Join panelists Dr. Bonny Jo Forrest, an attorney, neuropsychologist, entrepreneur, and author; and Matthew Gutwein, JD'99, president and CEO of Health and Hospital Corporation, for this discussion on the advantages of having a law degree in the workplace. Lunch provided to those who RSVP at least 24 hours in advance. RSVP on CareerNet/Events/Workshops.
Come find out more about applications for next year's executive board and opportunities to stay involved throughout the rest of this year. After a short meeting, we will hold a research night for further work on the ongoing desk-guide project. Room 214, 6 p.m.
Join the American Constitution Society over dinner and listen to the recent U.S. Supreme Court oral arguments from King v. Burwell, a challenge to the Affordable Care Act tax credit in states that opted for federal healthcare exchanges. We will have the transcript scrolling alongside the audio, with John Oliver's Supreme Court dog video on the side (because puppies dressed up as Justices make everything better). Take a break to hear some excellent oral advocacy and discuss the future of healthcare. Sponsored by the American Constitution Society; co-sponsored by the Health Law Society, Labor and Employment Law Society, Advocates for Life, Women's Law Caucus, and Feminist Law Forum. Dinner (better than pizza) will be provided. Room 124, 6:30 p.m
The Graduate Legal Studies Colloquium is a weekly meeting for graduate students to discuss common academic concerns and research interests. This Friday, Prof. William Hicks will give a talk on the method of legal writing and his legal experience. Room 120, noon.
Join panelists Dan Faust, of House Reynolds and Faust, and Antonia Martinez, of Elder Law Times, for this discussion on careers in the trust and real estate and elder law fields. Lunch provided to those who RSVP at least 24 hours in advance. RSVP on CareerNet/Events/Workshops. Room 125, noon.
On March 19, Prof. Charles Geyh delivered the keynote address at the annual meeting of the First Circuit Judicial Conference, entitled "The Changing Landscape of the American Judiciary."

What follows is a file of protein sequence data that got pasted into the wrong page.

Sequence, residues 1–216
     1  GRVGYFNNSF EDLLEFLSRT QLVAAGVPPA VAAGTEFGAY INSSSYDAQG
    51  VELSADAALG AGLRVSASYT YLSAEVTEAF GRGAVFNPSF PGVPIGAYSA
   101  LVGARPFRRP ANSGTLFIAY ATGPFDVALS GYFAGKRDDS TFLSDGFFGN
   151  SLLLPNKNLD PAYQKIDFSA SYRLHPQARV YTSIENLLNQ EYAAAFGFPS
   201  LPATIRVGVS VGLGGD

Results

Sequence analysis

On March 20, Prof. Kevin Brown spoke at a panel discussion about lessons Dalits can learn from other groups at the Global Conference on Dalit Rights held in Washington, D.C., which was sponsored by the International Commission for Dalit Rights.
Prof. Rob Fischman's essay on the "natural practice" approach to conservation management is now accessible on Conservation Biology's "early view": Lessons from Pollution Control.
The Career Services Office and the CSO Faculty Committee invite you to participate in our inaugural Faculty-Student Career Conversations program to be held this week. Faculty will be available to meet students for 30-minute career conversations at various times in the morning, during the lunch hour, or during the afternoon on selected days throughout the week. To register and for schedules, go the CareerNet OCI tab and select 2015 Spring Faculty Student Conversations.
Applications for the Eric T. Werner Global Cyber Security Policy Advancement Exchange Program and Microsoft Internship are being accepted through Wednesday. Two students from the Maurer School of Law will serve as Eric T. Werner Scholars, spending approximately eight weeks during the summer at Xi'an Jiao Tong University conducting research with colleagues at the Information Security Law Research Center and spending approximately four weeks interning in Microsoft's policy division in Beijing. Applicants must have taken or must be currently enrolled in a course in information security law. Please see the call for applications posted on Symplicity or at cacr.iu.edu/microsoft. Applications will be accepted in hard copy to room 220 and electronically to Sarah Portwood (firstname.lastname@example.org). For help with Symplicity, please contact Ms. Kim Bunge (email@example.com). (Note that applications may not be submitted via Symplicity.)